Fade to April, 1939.  A man has been shot on the terrace at Hitler’s private home at Berchtesgaden.  It’s critical to solve the murder and ensure security before Hitler arrives there for his 50th birthday celebration.  Nazi boss Reinhard Heydrich assigns Commissar Gunther – a smart, honest cop – to solve the crime.  On arrival, Bernie finds that he must please Martin Bormann, who runs the show.  It’s soon clear that there is no failure allowed – the crime will be solved, either by finding the killer, or fitting one up. 

Bernie’s not surprised to find that the dead man, a local engineer named Karl Flex, is incredibly unpopular with the locals, throwing people out of their homes in forced sales at bargain basement prices, strong-arming the local whores, and serving as Bormann’s bag man on cash runs to Switzerland.  The entire enclave is a money machine for Bormann and his crew.  These facts come out over time, and offer Bernie and his assistants, Frederich Korsch and local SS Capt. Hermann Kaspel, a plethora of potential murderers.  And it soon becomes clear that there are some that would prefer to see Bernie fail, as there is more than one attempt on his life.  When Kaspel is killed in a rigged car wreck when Bernie should have been with him, Bernie knows he must be making progress.

Bernie does discover who killed Flex and why, and sets out to capture him, accompanied by one of Bormann’s aides, Wilhelm Zander.  Bernie believes that if he can arrest the man, justice will be done, Bormann will release the innocent fall guy currently in the clink, and he’ll be able to get two inept cops off the hook (they’re facing a firing squad for no good reason).  But misplaced optimism is a Bernie Gunther hallmark… so when he captures the killer, Zander shoots him, then turns the gun on Bernie.  Our hero escapes, but mostly due to dumb luck.  And while things turn out okay for him, when he returns to Bavaria, he learns that all three of the men he’d hoped to save had been killed that morning.  He also meets a dead end in his quest to bring down Bormann.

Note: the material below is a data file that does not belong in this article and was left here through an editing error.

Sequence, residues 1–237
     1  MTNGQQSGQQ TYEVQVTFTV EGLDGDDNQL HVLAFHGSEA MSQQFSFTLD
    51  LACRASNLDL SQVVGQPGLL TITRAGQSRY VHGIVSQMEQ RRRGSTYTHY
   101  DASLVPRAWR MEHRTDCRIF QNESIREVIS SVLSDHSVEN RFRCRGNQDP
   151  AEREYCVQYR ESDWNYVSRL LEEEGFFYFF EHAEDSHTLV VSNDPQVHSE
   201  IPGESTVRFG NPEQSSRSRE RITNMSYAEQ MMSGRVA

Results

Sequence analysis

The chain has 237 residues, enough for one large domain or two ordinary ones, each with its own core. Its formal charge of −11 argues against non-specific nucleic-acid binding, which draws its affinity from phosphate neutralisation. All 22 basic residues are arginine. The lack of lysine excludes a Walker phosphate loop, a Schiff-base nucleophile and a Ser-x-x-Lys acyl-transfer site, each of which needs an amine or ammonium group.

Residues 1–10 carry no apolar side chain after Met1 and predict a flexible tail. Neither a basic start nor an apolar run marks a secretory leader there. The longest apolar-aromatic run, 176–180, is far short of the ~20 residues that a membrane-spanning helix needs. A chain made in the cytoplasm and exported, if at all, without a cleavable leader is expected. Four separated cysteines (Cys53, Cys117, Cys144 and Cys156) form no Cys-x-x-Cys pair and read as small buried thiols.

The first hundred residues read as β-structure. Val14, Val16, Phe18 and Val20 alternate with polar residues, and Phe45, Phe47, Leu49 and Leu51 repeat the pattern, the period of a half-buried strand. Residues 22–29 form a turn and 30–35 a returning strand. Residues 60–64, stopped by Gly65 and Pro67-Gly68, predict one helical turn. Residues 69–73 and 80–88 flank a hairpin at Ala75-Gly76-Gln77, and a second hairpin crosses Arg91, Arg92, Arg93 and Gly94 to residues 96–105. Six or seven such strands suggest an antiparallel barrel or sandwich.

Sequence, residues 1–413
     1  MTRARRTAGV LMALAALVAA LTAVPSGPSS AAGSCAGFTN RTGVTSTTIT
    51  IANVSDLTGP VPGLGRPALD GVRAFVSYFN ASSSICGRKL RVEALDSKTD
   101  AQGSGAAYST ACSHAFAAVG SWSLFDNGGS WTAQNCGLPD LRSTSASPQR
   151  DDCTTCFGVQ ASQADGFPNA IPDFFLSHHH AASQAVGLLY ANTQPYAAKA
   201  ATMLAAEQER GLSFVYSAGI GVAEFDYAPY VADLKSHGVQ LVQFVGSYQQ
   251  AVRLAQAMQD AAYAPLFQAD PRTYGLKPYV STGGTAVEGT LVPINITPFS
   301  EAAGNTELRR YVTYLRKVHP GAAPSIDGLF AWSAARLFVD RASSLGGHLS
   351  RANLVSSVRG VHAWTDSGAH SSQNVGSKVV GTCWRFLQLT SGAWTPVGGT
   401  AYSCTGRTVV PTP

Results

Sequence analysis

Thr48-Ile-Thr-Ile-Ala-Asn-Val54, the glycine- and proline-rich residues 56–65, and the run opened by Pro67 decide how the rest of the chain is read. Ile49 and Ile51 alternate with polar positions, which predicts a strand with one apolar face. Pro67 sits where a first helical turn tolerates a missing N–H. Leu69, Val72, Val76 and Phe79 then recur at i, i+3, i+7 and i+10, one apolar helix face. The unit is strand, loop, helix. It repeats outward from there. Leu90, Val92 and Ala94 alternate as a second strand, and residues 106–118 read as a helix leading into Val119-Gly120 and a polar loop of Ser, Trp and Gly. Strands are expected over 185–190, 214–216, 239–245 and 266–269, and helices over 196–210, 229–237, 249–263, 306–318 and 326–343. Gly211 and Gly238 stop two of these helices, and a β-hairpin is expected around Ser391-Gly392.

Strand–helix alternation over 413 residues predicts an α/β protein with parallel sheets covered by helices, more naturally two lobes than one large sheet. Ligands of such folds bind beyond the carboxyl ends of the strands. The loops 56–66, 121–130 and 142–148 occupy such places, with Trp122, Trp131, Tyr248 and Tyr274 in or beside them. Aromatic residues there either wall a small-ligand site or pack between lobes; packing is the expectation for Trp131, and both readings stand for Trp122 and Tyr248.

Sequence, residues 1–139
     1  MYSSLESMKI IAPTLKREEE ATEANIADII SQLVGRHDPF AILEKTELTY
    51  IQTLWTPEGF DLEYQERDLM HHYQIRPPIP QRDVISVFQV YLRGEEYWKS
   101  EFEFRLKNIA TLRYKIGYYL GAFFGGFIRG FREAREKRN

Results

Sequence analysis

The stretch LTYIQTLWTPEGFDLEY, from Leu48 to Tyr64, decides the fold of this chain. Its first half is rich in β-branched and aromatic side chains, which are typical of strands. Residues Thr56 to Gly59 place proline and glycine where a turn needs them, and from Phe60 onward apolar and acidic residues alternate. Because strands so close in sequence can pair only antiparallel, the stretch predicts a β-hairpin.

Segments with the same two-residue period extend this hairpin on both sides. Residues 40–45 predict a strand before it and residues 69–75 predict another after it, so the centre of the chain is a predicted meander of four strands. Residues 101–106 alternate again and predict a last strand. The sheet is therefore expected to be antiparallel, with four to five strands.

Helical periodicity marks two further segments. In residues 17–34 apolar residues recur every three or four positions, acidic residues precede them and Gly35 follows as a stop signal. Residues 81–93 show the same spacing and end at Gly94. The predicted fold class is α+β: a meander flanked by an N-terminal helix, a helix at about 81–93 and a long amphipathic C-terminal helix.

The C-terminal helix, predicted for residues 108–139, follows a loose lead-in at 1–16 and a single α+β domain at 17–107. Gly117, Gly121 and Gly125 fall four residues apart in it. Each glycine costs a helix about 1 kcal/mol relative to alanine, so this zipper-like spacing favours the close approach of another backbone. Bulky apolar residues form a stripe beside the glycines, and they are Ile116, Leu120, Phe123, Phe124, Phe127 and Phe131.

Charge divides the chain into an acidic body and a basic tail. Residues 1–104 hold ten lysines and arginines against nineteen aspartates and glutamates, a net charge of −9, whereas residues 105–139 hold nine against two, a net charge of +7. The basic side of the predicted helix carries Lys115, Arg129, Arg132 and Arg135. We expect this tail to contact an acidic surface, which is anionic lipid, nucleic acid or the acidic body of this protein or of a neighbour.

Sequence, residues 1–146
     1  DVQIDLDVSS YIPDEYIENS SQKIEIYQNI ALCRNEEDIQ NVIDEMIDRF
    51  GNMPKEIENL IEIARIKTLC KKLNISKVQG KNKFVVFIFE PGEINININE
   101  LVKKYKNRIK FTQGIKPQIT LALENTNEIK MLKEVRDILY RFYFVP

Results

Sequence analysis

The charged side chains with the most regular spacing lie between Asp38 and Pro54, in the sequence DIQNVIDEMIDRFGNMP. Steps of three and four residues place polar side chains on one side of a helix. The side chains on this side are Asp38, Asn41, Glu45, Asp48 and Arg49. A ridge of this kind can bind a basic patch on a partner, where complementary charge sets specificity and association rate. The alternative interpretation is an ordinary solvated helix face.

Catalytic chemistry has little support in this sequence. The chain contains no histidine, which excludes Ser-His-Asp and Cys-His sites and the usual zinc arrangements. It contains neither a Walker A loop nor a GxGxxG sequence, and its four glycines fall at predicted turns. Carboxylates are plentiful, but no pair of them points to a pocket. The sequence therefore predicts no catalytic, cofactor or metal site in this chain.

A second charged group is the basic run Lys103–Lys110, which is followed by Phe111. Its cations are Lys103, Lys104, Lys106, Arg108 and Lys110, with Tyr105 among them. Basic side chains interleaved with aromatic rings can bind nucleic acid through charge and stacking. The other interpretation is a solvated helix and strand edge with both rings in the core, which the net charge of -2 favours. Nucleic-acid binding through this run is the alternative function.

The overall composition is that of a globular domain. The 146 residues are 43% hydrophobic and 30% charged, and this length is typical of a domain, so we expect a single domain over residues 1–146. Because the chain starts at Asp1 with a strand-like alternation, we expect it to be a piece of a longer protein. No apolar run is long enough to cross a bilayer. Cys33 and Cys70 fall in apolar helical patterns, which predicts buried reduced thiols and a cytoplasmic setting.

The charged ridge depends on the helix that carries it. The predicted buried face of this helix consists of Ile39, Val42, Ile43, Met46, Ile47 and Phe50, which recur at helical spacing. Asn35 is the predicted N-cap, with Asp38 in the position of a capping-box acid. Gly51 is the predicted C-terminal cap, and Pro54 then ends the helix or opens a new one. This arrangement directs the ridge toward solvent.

Flash forward to 1956 – his 1939 friend and colleague, Frederich Korsch is now his enemy, but Bernie has a new name and a new chance at freedom in Munich.

I know.  It’s a lot of plot.  And I left a ton out.

There’s a lot to like about this book.  With some minimal wikipedia-ing, I am convinced that Kerr did a great job on the historical accuracy aspect of it.  I have no problem believing that he also did an excellent job in his portrayal of historical figures.  One character – female architect Gerdy Troost, who was a staunch Nazi and strong Hitler admirer – decides to help Bernie root out the corruption, and she is a sympathetic figure in Kerr’s hands.  Characters are fleshed out and credible.  The plot is twisty and the violence is compelling and realistic.  Also, Kerr has a wonderful way with words.  I had to stifle myself from reading selections out loud to my husband; after the third such passage, Mark was out of patience.

The best thing about Prussian Blue is Bernie Gunther himself.  He’s sharp and funny, is more likely to get beaten to a pulp than he is to do the beating, and is liable to succeed mostly through sheer persistence, but also gets a normal helping of dumb luck along the way.  His morality is like Teflon; despite all the evil he sees, it endures.  As he thought back to that April in 1939 and all that had occurred, he reflected, “Most of all I remembered being almost twenty years younger and possessed of a sense of decency and honor I now found almost quaint.  For a while back here, I think I sincerely believe I was the only honest man I knew.”  He may be rueful, but at the core, he’s unchanged.

So how does the book stack up with the other nominees?  For character, complications, plot and atmosphere, I’ve got to give it up for Philip Kerr’s Prussian Blue.  It goes to the top of the ranking.

mwa_logoLiterary Lunchbox Rankings: Mystery Writers of America Edgar Award, Best Novel

  1. Prussian Blue by Philip Kerr
  2. Bluebird Bluebird by Attica Locke
  3. The Dime by Kathleen Kent
  4. A Rising Man by Abir Mukherjee